We begin by considering the law that applies to appeals in cases arising under Title 9, N.J.S.A. 9:6-1 to -8.106, which governs abuse and neglect proceedings, as opposed to actions under Title 30, N.J.S.A. 30:4C-11 to -24, which governs termination of parental rights. "In actions initiated in accordance with Title 9 alleging abuse or neglect of a child, the Legislature has . . . declared that an appeal may be taken as of right from any final order made pursuant to the act. N.J.S.A. 9:6-8.70." N.J. Div. of Youth & Family Servs.v. L.A., 357 N.J. Super. 155, 163 (App. Div.). However, "an order finding that a child has been abused or neglected, is an interlocutory order. . . . [T]he only final [Title 9] order is the order following the dispositional hearing." Id. at 164. See N.J. Div. of Youth & Family Servs. v. G.M., 198 N.J. 382, 397-400 (2009) (A fact finding hearing is required before entering an order finding that the parent abused or neglected the child; a dispositional hearing is required to determine, among other things, whether a parent who has lost custody, due to abuse or neglect, will regain custody of the child).
In N.J. Division of Youth & Family Services v. A.P., 408 N.J. Super. 252 (App. Div. 2009), certif. denied, 201 N.J. 153 (2010), we addressed the dismissal of a Title 9 complaint and the filing of a Title 30 complaint, before there was a Title 9 finding of abuse and neglect and entry of a final order of disposition. Under those circumstances, we held that the filing of the Title 30 complaint rendered the Title 9 complaint moot.
In concluding that this appeal is moot because the orders entered in the Title 9 action have no continuing adverse consequences, we emphasize that [the parent's] due process rights will be fully protected by the trial of the Title 30 action, which will afford her the opportunity, under the criteria set forth in N.J.S.A. 30:4C-15.1(a), to contest the charges of abuse or neglect or other harm to the child caused by the parental relationship, [the parent's] willingness and ability to address the causes of that harm, the adequacy of the remedial services DYFS provided [to the parent], and whether the termination of [her] parental rights to [the child] would do more harm than good.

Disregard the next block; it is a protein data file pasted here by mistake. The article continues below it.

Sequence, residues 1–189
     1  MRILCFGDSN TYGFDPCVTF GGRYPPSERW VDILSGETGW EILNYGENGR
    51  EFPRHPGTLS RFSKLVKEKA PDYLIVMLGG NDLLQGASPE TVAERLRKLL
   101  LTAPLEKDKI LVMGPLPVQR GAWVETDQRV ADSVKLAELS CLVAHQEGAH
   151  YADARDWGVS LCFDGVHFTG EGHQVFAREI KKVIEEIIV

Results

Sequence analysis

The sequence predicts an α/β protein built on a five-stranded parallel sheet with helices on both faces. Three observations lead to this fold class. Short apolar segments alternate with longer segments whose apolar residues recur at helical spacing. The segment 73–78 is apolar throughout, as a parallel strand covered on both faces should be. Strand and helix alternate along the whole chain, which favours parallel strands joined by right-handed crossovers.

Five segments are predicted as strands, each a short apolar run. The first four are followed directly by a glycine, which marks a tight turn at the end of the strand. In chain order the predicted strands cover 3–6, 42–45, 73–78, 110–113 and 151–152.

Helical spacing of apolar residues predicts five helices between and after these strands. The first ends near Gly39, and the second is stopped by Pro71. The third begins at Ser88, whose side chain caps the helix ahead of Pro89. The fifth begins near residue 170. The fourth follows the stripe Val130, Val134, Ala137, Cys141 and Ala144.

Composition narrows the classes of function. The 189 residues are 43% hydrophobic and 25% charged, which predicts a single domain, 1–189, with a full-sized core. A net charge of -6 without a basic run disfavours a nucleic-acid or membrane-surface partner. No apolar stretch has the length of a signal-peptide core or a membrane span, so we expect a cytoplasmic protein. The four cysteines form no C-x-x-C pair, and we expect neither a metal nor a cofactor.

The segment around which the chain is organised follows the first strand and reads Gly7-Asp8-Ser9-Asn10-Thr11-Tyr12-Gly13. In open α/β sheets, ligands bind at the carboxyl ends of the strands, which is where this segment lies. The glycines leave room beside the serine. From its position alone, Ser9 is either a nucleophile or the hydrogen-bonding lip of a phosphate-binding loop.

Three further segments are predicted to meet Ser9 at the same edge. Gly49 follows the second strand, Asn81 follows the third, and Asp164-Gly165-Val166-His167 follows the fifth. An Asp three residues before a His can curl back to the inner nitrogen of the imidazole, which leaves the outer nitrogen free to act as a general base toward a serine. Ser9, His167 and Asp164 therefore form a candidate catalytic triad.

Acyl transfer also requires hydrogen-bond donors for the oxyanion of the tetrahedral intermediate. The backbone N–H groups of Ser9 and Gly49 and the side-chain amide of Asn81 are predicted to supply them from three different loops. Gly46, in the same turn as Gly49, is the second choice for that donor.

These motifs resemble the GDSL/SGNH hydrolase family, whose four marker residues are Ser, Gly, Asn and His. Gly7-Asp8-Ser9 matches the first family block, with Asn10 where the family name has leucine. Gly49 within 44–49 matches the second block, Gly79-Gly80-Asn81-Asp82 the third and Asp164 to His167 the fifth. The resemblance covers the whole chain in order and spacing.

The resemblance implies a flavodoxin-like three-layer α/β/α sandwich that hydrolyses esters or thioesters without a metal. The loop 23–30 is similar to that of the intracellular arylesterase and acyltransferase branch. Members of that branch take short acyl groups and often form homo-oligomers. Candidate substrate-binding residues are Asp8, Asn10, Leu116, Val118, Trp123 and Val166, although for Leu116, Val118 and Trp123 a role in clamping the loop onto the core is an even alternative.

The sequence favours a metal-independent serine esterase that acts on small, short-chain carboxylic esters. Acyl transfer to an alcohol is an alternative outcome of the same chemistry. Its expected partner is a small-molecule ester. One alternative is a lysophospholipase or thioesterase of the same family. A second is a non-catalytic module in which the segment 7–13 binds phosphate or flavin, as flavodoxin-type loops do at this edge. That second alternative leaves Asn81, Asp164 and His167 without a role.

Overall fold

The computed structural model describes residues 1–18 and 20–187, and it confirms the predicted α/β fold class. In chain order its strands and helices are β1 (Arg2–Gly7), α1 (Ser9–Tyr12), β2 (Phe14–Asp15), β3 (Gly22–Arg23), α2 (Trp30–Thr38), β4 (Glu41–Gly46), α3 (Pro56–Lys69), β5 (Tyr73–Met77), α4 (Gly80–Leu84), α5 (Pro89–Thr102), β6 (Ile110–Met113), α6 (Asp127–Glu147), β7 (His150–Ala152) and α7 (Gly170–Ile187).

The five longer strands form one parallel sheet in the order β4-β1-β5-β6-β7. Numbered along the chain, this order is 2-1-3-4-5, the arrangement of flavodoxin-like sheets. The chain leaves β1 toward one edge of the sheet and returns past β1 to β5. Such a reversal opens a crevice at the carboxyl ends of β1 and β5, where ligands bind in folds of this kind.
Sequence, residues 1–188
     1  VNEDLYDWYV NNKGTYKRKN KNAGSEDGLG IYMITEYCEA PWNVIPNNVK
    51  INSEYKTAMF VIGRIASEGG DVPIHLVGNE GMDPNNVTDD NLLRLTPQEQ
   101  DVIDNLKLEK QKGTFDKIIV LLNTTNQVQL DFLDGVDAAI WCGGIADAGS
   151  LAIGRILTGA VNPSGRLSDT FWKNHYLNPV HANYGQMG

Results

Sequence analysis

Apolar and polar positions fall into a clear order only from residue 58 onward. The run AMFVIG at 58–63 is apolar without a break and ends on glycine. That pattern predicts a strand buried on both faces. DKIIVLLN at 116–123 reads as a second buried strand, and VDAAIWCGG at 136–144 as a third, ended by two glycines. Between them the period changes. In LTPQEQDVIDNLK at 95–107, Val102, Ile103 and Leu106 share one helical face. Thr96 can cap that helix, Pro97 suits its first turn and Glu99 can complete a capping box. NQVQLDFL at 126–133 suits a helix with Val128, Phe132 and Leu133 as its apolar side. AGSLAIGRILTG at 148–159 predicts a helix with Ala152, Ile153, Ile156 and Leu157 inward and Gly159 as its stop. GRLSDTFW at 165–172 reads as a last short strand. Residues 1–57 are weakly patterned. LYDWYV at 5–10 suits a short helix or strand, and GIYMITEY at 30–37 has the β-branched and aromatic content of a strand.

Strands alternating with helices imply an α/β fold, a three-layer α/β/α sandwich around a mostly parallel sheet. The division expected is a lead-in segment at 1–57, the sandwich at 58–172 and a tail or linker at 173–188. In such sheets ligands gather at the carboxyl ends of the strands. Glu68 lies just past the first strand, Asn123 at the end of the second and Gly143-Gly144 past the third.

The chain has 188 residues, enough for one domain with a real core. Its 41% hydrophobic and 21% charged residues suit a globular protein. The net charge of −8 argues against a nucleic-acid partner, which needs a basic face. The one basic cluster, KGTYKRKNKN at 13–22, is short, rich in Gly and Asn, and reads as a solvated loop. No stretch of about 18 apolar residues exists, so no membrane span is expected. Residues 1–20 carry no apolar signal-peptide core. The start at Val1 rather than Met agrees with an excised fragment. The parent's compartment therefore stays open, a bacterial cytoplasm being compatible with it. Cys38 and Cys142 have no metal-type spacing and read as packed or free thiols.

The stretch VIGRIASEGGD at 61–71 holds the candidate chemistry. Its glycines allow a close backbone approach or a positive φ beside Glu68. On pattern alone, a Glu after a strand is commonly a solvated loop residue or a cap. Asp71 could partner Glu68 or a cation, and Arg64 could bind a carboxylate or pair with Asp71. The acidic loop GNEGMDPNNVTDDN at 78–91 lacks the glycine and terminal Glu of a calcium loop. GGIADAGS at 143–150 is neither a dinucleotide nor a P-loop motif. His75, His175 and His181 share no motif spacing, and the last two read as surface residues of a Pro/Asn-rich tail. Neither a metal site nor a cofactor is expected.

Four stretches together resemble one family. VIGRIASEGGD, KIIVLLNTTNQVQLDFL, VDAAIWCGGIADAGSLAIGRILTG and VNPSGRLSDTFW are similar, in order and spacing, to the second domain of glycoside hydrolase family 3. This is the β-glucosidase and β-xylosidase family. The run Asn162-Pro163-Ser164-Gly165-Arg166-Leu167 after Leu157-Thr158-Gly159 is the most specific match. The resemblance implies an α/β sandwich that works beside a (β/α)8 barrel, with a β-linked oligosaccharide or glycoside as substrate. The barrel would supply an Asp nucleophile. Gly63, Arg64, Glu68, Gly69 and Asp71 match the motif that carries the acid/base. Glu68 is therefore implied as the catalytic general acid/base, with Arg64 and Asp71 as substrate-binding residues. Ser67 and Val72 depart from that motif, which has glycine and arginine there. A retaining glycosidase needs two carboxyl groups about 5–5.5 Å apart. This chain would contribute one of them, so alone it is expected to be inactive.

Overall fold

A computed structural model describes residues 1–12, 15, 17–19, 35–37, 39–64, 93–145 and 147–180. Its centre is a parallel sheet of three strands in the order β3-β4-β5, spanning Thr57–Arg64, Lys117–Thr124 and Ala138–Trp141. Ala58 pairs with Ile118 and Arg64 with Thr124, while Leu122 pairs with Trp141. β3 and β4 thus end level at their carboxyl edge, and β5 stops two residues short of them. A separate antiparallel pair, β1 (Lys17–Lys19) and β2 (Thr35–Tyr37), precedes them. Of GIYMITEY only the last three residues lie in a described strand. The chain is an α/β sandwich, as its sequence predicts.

Moreover, DYFS will bear the burden of establishing the standards for the termination of parental rights by "clear-and-convincing-evidence" rather than the lesser burden of proof by a "preponderance of the evidence" that would apply in an action under Title 9. [Id. at 264.]
We conclude that A.P. is on point here. In her brief, M.T. contends that there was no Title 9 order finding her guilty of abuse and neglect and there was no fact finding hearing or final Title 9 order entered. As we understand her position on this appeal, she is not challenging the February 26, 2008 order finding that she placed the child at risk through her drug use.
Rather, she argues that the April 23, 2009 proceeding constituted a new finding of abuse and neglect, which was never memorialized in a formal order. Accepting her premise that no order finding her guilty of abuse and neglect was entered, and no final Title 9 order was entered, the dismissal of the Title 9 action and the filing of the Title 30 action renders this appeal moot. A.P., supra, 408 N.J. Super. at 263.
Seeking to circumvent A.P., M.T. argues that there was no legal basis for DYFS to commence a Title 30 proceeding. But, she did not raise that issue before Judge Schultz at the July 16 hearing. See Nieder v. Royal Indem. Ins. Co., 62 N.J. 229, 234-35 (1973)(we will not entertain issues on appeal that were not raised in the trial court); N.J. Div. of Youth & Family Servs. v. Wunnenberg, 169 N.J. Super. 417, 420 (App. Div.), certif. denied, 82 N.J. 270 (1979).
She also contends that the process by which the Family Part issued the April 23, 2009 order, vacating its initial determination terminating the Title 9 case, was unfair because there was no formal hearing establishing her relapse into drug use or determining that such a relapse constituted abuse or neglect. But, she did not raise that issue in the trial court, and she and her attorney both admitted on the record that she had relapsed. Wunnenberg, supra, 169 N.J. Super. at 420.
Further, it is well established that "termination proceedings, which are brought pursuant to N.J.S.A. 30:4C-15, do not require a prior determination of abuse or neglect." N.J. Div. of Youth & Family Servs. v. K.M., 136 N.J. 546, 556 (1994).
For all of the reasons stated above, this appeal is hereby dismissed. In dismissing this appeal, we intimate no view as to the merits of the Title 30 proceeding, and our decision is without prejudice to M.T.'s right to raise any issues before the trial court in that proceeding.